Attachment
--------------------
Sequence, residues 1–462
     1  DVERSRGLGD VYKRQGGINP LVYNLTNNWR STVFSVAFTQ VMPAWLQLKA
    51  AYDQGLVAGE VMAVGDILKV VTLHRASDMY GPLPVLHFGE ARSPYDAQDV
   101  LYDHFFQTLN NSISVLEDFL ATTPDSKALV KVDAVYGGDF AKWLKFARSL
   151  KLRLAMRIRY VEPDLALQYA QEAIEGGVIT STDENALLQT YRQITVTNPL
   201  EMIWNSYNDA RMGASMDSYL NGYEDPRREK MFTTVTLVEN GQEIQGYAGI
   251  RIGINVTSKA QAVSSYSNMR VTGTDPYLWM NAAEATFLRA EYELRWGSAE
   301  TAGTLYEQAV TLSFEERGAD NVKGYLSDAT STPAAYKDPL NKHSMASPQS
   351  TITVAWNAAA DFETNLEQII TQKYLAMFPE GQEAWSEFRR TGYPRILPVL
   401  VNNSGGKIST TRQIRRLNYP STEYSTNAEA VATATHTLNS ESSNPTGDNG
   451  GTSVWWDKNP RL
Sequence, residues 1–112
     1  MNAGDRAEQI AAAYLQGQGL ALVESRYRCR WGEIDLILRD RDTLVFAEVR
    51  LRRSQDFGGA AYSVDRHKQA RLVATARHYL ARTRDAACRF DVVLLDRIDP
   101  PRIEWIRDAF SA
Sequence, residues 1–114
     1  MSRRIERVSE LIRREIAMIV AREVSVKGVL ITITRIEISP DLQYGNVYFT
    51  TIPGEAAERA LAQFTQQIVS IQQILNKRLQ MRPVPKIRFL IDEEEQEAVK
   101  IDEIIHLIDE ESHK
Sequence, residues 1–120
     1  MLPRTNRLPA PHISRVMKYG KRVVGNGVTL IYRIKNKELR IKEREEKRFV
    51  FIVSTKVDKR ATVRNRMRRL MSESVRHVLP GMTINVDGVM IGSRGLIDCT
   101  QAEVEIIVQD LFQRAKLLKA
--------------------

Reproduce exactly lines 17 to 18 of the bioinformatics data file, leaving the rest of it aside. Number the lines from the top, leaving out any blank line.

     1  MSRRIERVSE LIRREIAMIV AREVSVKGVL ITITRIEISP DLQYGNVYFT
    51  TIPGEAAERA LAQFTQQIVS IQQILNKRLQ MRPVPKIRFL IDEEEQEAVK